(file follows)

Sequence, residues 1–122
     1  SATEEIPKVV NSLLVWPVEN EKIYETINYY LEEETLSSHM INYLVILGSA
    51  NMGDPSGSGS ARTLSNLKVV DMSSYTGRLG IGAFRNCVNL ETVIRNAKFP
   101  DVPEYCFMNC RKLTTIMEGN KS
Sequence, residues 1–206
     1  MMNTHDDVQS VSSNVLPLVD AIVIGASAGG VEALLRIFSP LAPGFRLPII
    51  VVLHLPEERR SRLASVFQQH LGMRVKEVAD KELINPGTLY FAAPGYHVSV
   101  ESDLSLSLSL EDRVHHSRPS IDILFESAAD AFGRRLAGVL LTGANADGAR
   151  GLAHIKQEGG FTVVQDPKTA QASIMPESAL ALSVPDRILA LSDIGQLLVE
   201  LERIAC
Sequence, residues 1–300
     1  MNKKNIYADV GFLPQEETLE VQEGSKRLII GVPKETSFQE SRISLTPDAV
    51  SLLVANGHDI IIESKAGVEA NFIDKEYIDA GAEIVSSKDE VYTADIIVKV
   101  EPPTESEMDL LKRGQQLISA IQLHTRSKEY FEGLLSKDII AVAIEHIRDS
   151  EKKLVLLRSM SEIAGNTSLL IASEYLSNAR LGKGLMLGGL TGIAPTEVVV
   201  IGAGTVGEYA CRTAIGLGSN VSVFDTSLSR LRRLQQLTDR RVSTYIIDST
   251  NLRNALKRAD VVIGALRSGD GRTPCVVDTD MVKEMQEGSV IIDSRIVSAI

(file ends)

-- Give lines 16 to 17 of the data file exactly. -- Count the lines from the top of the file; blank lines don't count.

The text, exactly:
   201  IGAGTVGEYA CRTAIGLGSN VSVFDTSLSR LRRLQQLTDR RVSTYIIDST
   251  NLRNALKRAD VVIGALRSGD GRTPCVVDTD MVKEMQEGSV IIDSRIVSAI